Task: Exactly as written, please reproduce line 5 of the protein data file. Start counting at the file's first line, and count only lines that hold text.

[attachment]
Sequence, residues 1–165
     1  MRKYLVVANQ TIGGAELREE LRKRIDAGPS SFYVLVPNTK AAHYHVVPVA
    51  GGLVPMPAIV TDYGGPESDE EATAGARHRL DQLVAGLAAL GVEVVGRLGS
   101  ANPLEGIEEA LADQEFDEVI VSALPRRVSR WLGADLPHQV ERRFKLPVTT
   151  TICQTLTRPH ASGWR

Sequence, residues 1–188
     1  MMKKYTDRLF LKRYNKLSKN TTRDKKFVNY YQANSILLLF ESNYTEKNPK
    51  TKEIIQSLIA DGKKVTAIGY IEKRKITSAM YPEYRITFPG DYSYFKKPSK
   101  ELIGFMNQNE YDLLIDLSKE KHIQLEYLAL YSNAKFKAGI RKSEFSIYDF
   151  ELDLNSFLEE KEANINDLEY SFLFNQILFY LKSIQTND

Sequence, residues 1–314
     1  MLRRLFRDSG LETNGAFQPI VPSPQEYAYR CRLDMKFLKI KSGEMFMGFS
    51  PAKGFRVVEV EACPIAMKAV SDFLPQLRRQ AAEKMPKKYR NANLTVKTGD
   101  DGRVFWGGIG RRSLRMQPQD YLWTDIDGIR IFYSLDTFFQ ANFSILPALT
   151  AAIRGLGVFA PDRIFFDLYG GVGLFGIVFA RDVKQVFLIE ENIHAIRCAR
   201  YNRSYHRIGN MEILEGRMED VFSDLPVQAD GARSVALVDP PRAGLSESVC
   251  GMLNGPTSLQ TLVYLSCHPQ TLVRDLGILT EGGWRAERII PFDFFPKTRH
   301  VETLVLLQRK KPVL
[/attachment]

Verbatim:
   151  TICQTLTRPH ASGWR